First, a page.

Server Fault is a question and answer site for system and network administrators. Join them; it only takes a minute:

Sign up
Here's how it works:
  1. Anybody can ask a question
  2. Anybody can answer
  3. The best answers are voted up and rise to the top

First of all, I hope I am not duplicating another post. If so I will delete immediatly.

I have gone through many of the questions/answers on this website trying to find what scripting language I should use and I see many people recommending PowerShell, especially if they are completely new to scripting like myself.

The environment I work in is about 150 machines with various MS OSs ranging from XP to Server 2008 R2 Enterprise.

I see that one of my co-workers uses CSSCRIPT for a lot of what he does... and we nick-name him the script king. He has the code so memorized that he doesn't even really know any good suggestions it seems on how I can learn it or what scripting language would be best for me.

I am looking at PowerShell as I said since other posts seem to suggest that. I do not want to have to install something on all 150 machines for my scripts to work. I want to be able to run a script remotely that moves files, updates files, gathers intel about machines and their registries and other various information, etc.

Between these two scripting languages or any others (as I literally am completely new to this and want to learn), what is suggested?

I apologize if this is a duplicate. I could not find anything with this specific question but many very very closely related.

share|improve this question

closed as not constructive by Shane Madden, Ward, Michael Hampton, HopelessN00b, Scott Pack Sep 26 '12 at 13:40

As it currently stands, this question is not a good fit for our Q&A format. We expect answers to be supported by facts, references, or expertise, but this question will likely solicit debate, arguments, polling, or extended discussion. If you feel that this question can be improved and possibly reopened, visit the help center for guidance.If this question can be reworded to fit the rules in the help center, please edit the question.

up vote 6 down vote accepted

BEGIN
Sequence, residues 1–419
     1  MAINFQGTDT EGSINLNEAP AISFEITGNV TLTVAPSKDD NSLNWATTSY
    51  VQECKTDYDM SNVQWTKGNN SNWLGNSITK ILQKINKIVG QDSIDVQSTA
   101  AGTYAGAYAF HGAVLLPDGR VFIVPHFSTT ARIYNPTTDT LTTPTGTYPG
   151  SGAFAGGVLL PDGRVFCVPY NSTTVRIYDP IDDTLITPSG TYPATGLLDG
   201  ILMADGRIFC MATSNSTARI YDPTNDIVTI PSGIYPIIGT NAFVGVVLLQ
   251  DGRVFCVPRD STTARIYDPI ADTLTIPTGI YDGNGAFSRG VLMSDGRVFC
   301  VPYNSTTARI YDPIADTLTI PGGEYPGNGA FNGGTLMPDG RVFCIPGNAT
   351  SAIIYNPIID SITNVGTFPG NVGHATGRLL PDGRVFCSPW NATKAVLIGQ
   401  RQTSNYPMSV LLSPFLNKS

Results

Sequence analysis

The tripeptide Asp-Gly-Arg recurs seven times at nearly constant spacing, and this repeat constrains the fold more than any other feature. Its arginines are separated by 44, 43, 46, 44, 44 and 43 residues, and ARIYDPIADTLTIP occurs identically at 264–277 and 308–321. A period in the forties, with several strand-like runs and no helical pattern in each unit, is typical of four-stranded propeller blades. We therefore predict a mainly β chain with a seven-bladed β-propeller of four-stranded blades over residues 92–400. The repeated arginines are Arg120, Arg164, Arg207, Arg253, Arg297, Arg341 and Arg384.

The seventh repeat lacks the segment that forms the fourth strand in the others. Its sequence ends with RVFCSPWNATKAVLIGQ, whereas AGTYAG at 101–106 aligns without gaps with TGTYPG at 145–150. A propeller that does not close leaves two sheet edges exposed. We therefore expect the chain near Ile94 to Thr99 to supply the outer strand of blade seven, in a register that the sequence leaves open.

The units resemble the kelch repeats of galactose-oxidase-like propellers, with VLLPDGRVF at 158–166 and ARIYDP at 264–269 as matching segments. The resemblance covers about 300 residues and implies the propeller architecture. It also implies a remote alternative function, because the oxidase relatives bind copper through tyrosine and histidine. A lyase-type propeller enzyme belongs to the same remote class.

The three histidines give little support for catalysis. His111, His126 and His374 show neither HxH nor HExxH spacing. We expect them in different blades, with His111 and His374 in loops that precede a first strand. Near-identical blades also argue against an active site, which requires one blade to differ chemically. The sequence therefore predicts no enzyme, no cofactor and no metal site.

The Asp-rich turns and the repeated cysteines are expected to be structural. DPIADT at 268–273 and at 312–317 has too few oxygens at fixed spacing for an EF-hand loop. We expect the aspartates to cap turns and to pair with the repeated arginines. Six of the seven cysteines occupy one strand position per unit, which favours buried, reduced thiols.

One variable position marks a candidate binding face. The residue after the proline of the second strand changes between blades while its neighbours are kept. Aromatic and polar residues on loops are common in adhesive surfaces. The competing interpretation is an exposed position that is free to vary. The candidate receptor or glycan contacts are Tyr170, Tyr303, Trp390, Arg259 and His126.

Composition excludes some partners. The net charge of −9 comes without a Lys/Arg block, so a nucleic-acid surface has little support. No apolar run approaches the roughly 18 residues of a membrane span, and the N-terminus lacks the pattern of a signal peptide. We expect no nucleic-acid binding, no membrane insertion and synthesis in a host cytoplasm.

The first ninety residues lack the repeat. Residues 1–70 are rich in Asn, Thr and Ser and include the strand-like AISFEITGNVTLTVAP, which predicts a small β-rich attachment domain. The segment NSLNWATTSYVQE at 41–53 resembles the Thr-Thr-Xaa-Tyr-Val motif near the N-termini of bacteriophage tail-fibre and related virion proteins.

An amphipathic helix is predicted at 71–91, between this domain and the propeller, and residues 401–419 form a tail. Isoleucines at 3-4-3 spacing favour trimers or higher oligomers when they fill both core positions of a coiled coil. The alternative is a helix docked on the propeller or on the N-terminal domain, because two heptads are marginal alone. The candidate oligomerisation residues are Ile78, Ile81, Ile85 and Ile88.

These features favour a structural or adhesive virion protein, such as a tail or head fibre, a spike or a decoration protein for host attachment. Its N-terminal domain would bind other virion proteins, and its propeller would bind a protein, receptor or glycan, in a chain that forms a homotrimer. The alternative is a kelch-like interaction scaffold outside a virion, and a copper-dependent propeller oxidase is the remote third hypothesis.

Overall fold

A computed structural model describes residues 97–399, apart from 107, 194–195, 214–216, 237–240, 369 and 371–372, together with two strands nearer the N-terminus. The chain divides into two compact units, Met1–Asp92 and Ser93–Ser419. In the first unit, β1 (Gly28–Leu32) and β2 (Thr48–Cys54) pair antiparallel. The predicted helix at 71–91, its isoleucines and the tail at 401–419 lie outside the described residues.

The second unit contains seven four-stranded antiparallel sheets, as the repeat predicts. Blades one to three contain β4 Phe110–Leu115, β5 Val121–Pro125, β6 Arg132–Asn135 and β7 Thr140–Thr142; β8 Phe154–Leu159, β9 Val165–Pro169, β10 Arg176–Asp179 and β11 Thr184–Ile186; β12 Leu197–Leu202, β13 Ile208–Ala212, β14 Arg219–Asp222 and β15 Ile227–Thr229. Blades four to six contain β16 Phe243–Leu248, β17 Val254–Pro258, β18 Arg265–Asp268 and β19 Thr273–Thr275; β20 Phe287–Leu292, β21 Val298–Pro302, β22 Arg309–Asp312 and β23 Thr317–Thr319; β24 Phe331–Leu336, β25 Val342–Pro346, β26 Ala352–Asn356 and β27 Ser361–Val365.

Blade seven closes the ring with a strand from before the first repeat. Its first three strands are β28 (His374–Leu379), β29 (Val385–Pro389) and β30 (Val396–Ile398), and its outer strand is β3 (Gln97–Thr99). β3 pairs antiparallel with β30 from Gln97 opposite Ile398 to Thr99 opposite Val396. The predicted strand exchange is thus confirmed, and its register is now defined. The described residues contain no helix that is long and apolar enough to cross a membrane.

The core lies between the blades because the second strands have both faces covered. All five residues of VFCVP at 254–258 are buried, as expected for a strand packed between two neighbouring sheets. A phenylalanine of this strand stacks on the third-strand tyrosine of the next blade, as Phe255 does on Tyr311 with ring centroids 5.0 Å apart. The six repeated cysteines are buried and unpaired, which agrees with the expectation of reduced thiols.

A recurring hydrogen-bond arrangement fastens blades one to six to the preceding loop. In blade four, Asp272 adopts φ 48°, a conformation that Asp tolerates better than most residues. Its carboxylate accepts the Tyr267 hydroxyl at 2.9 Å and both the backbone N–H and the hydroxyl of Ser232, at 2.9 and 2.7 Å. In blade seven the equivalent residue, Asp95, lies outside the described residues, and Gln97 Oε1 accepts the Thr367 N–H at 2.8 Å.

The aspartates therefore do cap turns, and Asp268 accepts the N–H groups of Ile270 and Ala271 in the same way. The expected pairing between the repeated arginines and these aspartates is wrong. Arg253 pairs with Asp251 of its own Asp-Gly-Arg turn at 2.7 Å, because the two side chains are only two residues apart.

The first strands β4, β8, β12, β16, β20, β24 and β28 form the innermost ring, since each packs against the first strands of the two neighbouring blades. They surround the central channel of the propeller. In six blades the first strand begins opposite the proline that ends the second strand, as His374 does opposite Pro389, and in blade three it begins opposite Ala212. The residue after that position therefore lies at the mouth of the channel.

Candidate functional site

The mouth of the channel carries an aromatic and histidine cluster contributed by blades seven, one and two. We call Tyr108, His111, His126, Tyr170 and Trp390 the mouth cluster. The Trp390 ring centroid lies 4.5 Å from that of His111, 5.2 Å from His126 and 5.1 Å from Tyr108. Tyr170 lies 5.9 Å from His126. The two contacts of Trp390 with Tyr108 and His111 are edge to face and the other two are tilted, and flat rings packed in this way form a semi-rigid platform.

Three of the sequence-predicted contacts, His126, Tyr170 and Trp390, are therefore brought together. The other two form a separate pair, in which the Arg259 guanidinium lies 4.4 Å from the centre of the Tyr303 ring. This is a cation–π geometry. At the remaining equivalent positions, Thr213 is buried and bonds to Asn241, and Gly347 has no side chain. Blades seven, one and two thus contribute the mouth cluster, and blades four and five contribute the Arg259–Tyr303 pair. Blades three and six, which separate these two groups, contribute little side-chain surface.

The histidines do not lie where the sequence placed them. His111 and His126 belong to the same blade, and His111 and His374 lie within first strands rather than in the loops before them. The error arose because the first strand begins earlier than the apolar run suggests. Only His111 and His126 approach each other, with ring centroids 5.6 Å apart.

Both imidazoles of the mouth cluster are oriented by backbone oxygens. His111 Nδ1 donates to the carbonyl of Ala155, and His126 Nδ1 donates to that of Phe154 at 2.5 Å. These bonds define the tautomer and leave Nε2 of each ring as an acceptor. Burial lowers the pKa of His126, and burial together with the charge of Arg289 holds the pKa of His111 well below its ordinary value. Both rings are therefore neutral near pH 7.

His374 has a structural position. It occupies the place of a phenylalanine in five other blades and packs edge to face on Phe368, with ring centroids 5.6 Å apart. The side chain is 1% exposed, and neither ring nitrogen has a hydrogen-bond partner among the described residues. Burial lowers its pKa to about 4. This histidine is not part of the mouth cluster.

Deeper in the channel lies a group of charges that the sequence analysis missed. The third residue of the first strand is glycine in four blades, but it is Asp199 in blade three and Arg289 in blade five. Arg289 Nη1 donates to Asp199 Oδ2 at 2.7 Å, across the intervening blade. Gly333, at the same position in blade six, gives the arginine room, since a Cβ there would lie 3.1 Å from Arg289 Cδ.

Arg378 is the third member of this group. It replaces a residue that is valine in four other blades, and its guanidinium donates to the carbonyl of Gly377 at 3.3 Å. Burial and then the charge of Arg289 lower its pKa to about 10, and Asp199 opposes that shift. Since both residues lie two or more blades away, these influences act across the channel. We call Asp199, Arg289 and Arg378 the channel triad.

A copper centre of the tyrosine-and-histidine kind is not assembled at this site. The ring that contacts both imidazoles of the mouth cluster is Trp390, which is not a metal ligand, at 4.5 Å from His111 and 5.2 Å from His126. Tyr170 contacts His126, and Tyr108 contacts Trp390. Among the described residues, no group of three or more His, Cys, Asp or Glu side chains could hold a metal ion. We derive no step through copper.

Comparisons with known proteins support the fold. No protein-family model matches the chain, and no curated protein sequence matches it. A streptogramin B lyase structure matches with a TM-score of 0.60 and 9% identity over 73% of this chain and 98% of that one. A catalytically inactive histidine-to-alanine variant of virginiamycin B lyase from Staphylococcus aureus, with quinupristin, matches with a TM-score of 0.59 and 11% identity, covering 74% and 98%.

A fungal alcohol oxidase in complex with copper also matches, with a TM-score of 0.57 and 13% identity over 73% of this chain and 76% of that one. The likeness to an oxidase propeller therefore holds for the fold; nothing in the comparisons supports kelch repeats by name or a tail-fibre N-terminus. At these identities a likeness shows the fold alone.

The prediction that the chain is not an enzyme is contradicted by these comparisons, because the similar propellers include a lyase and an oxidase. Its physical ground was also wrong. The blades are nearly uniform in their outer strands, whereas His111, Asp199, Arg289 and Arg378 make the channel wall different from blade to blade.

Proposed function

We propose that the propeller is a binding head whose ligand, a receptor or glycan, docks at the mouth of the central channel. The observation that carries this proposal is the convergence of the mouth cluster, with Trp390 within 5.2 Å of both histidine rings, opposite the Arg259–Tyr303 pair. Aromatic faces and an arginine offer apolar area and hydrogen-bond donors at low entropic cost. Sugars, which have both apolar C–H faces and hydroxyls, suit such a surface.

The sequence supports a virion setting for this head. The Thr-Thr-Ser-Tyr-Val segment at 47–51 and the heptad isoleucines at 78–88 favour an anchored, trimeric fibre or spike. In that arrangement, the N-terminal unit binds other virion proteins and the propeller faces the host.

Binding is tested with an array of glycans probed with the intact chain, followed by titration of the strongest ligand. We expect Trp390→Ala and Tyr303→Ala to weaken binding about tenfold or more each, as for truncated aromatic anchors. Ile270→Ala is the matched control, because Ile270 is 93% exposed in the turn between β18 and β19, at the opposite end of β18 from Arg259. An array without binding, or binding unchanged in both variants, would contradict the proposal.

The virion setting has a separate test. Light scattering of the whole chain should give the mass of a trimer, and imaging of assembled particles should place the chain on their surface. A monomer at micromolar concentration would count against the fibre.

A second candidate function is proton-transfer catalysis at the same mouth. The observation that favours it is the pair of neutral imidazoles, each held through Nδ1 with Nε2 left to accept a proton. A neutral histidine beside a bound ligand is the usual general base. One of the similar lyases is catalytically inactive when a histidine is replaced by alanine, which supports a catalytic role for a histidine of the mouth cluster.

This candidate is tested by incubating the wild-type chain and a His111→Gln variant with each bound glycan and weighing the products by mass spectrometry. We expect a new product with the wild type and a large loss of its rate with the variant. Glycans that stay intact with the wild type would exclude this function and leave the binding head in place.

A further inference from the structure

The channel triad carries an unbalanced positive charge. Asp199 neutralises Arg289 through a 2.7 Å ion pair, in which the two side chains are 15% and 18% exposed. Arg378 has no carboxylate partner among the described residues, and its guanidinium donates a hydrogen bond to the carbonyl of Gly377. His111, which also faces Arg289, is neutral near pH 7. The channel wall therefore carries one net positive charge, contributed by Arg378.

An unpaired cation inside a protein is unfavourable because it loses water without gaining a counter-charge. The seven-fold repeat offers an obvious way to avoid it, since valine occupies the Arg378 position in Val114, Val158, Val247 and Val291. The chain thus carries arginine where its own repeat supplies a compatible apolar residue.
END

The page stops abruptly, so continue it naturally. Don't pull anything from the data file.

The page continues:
If you work in a Microsoft environment, then the answer is Powershell.

Powershell is practically a requirement for Microsoft administrators going forward. It is designed to replace and supersede VBscript in every way.

Not to mention it's pretty much the most awesome thing that MS has done in... maybe ever!

To your question about what your coworker is using for scripting -- I do not know of a "csscript," but I do know that "cscript" is the command-line version of the VBScript scripting host. So maybe it's VBscript you're looking at. That is also a very popular Microsoft scripting language. But it's not as modern as Powershell.

share|improve this answer
I have to agree. The fact that PS is not installed by default on your oldest OS is inconvenient, yes, but you only have to fix that once. – mfinni Dec 19 '11 at 21:43
Great! Thanks all for your help. I'll be taking the path of Powershell. New e-book for learning... here I come! – Patrick Dec 21 '11 at 14:46

To add to Ryan's answer, going forward Powershell scripting capabilities are part of Microsoft's CEC (Common Engineering Criteria) which means that all MS Products released going forward must provide some Powershell scripting capabilities.

Many products have taken this to heart, in VMM all of the administration is done via Powershell. In fact thr GUI simply builds powershell scripts to implement the actions you have asked it to take. In Exchange 2007 and 2010 there are administrative actions that can ONLY be taken via Powershell (Granted these are not extremely common actions).

The benefits of Powershell are that it is built on .Net and has access to all .Net capabilities (you can often use C# examples to figure out how to do things directly from .Net in Powershell).

Rather than passing text through the pipeline, you pass fully formed Objects allowing cmdlets further down the pipeline access to all properties and methods of the object without any of the intervening cmdlets havign to care about them. This can also make code very reusable.

Finally Powershell is Admin centric rather than Developer centric. The standards of powershell allow for administrators to discover the language and capabilities in an fairly intuitive way while still giving developers and advanced scripters access to all of the underlying goodies. In an ideal world, you would have a cmdlet to do all do the small tasks that needed to be done, and where there was not one, you could either write one via powershell's access to .Net, directly in .Net as a cmdlet or find a developer to do the same.

share|improve this answer
I'm sold. Great comment. – Safado Dec 19 '11 at 23:07
AWESOME! I really appreciate your answer. Thank you so much and this will help out tremendously! – Patrick Dec 21 '11 at 14:45

Not the answer you're looking for? Browse other questions tagged or ask your own question.